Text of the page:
Category Archives: Rulemaking

Changes to Vocational Rules Adopted

Changes to vocational rules have been adopted, implementing enhanced AWA (ability to work assessment) services and providing enforcement mechanisms for actions against VRCs and vocational firms.

We wrote about the changes under consideration when they were proposed over the summer. See Vocational Recovery Services. Our firm has represented claimants in many cases where vocational services or outcomes have been at issue. Often, the issues can best be addressed early in the claim, while the worker is participating in vocational services. In other cases, litigation is pursued.

You may read the full notice about the changes to vocational services rules issued by DLI, excerpted below, here.

The WA Department of Labor and Industries (DLI) adopted the proposed changes to WAC 296-19A on Oct. 22, 2019. The new rules were first proposed in August, and go into effect Jan. 1, 2020.

The adopted rules outline vocational recovery services to align with RCW 51.32.095 which places a high priority on returning a worker to employment.

The rule changes also:

  • Establish certain expectations for vocational firms.
  • Clarify when VRCs and vocational firms may be subject to corrective actions or sanctions.
  • Spell out what those sanctions include.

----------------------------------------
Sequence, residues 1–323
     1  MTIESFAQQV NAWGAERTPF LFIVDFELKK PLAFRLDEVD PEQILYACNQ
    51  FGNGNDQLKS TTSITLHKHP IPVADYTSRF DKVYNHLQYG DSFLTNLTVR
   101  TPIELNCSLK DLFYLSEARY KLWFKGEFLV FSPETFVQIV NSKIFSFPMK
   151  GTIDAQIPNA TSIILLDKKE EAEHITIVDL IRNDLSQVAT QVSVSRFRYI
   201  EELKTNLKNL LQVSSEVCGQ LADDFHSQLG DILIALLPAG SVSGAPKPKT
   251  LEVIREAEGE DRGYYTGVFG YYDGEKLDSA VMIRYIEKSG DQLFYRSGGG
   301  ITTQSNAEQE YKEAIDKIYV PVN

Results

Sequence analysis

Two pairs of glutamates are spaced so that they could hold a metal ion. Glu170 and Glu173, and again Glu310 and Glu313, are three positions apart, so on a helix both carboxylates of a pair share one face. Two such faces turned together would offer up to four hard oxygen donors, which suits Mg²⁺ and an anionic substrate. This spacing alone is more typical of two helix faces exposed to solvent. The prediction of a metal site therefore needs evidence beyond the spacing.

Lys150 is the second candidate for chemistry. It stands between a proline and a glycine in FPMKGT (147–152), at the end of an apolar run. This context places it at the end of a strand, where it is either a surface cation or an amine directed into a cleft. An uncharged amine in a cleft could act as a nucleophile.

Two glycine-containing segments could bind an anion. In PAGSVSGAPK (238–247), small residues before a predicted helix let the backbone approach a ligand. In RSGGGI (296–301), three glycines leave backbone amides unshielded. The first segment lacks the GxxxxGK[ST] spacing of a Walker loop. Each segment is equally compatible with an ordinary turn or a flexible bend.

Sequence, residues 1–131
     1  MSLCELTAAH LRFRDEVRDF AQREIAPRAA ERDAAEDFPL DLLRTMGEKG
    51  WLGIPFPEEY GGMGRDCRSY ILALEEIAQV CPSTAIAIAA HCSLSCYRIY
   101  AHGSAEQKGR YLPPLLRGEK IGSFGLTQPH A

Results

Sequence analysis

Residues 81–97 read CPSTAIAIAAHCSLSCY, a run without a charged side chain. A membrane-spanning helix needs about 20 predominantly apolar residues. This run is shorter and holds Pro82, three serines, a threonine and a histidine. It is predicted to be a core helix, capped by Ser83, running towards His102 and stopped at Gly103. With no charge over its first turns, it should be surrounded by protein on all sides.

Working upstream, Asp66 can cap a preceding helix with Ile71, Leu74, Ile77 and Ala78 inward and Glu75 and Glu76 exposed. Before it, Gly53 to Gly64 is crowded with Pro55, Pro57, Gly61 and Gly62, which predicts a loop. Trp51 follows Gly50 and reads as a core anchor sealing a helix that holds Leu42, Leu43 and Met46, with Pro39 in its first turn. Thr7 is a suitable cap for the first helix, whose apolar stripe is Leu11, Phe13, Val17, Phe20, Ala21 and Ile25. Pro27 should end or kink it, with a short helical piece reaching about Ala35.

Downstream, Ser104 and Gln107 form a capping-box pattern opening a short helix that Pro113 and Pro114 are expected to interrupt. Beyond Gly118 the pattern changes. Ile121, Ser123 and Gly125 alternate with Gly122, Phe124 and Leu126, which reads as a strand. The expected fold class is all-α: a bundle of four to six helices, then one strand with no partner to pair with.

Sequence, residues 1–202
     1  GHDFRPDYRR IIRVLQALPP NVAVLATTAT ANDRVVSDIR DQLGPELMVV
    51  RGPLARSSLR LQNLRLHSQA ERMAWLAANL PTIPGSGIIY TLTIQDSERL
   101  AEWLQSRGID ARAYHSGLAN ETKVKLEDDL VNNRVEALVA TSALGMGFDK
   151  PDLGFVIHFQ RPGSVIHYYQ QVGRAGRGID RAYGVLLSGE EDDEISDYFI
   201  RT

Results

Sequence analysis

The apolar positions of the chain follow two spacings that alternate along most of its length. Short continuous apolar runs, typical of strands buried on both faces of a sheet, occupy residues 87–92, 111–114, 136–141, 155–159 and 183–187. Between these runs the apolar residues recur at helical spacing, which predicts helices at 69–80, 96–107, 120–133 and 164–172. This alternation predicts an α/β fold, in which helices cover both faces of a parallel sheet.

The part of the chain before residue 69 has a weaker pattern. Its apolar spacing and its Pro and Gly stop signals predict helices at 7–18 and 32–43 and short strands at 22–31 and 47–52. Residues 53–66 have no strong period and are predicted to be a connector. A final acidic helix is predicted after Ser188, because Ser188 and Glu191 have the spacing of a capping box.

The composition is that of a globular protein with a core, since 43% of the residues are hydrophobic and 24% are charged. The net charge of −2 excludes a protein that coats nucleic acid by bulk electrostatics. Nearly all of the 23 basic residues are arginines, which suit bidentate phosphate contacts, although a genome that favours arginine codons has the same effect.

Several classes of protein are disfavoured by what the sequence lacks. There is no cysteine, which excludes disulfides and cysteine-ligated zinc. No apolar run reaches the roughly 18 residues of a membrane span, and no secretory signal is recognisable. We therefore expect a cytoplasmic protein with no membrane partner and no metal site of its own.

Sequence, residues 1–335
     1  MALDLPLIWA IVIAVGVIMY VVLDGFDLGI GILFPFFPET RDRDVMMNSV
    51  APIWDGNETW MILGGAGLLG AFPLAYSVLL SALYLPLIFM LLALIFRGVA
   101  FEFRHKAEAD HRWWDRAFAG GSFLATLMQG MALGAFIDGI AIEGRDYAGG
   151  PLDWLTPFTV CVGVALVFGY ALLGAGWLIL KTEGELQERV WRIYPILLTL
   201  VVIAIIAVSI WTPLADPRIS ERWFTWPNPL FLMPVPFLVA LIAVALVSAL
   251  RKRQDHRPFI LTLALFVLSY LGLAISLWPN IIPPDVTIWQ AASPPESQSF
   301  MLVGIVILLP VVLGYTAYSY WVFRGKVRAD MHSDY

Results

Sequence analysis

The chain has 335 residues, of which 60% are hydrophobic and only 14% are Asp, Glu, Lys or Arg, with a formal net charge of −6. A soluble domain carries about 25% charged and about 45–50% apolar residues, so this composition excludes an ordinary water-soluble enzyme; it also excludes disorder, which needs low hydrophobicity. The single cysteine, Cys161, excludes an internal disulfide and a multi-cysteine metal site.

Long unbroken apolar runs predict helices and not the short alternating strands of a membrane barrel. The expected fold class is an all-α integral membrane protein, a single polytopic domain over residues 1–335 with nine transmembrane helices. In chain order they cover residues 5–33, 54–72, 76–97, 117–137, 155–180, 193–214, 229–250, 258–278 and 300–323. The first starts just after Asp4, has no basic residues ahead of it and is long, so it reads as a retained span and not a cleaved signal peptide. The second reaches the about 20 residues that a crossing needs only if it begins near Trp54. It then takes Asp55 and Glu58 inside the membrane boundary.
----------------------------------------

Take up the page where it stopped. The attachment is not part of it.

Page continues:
You can review the adopted rule language on DLI’s website for rule development.

DLI is developing training for vocational providers that will assist them in meeting these expectations, and applying worker centric vocational recovery best practices.

Upcoming Stakeholder Meetings: Chapter 296-880 WAC, Unified Fall Protection

Upcoming Stakeholder Meetings
Chapter 296-880 WAC, Unified Fall Protection (NEW CHAPTER)

The Washington State Department of Labor and Industries (L&I), Division of Occupational Safety and Health (DOSH), would like to invite interested stakeholders to upcoming stakeholder meetings to review our latest, revised draft of the proposed Unified Fall Protection rule.

On February 19, 2019 a CR-101 (preproposal) was filed, letting the public know we were conducting rulemaking specifically related to fall protection requirements included in Chapter 296-155 WAC, Safety Standards for Construction Work as well as several other chapters referencing fall protection requirements. This proposed rulemaking will consider changes to the rules to make them at least as effective as the Federal Occupational Safety and Health Administration (OSHA), as required by the Washington State Plan.

This rulemaking proposes to incorporate fall protection requirements from multiple DOSH standards into one chapter applicable to all industries. During public meetings held in the fall of 2016 and 2018, stakeholders supported the creation of a unified fall protection rule and believe it will be easier to implement and help protect workers from fall hazards.

Upcoming Stakeholder Meetings:

Date: Thursday, May 2, 2019

Time: 1:00 – 2:30; 12:30 pm sign-in

Location: Labor and Industries, Tukwila

12806 Gateway Drive S

Tukwila, WA 98168

Date: Wednesday, May 22, 2019